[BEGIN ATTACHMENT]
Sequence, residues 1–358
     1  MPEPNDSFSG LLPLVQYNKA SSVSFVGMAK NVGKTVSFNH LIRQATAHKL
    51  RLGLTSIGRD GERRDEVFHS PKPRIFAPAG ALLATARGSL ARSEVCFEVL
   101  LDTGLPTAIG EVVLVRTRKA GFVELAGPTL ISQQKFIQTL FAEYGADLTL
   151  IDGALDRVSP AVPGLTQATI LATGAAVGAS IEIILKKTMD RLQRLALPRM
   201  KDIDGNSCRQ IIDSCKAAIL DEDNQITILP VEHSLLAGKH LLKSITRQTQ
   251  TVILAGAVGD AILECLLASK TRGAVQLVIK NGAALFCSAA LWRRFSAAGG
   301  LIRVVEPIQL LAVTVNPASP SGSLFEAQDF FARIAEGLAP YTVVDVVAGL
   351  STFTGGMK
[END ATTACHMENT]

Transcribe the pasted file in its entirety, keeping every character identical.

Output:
Sequence, residues 1–358
     1  MPEPNDSFSG LLPLVQYNKA SSVSFVGMAK NVGKTVSFNH LIRQATAHKL
    51  RLGLTSIGRD GERRDEVFHS PKPRIFAPAG ALLATARGSL ARSEVCFEVL
   101  LDTGLPTAIG EVVLVRTRKA GFVELAGPTL ISQQKFIQTL FAEYGADLTL
   151  IDGALDRVSP AVPGLTQATI LATGAAVGAS IEIILKKTMD RLQRLALPRM
   201  KDIDGNSCRQ IIDSCKAAIL DEDNQITILP VEHSLLAGKH LLKSITRQTQ
   251  TVILAGAVGD AILECLLASK TRGAVQLVIK NGAALFCSAA LWRRFSAAGG
   301  LIRVVEPIQL LAVTVNPASP SGSLFEAQDF FARIAEGLAP YTVVDVVAGL
   351  STFTGGMK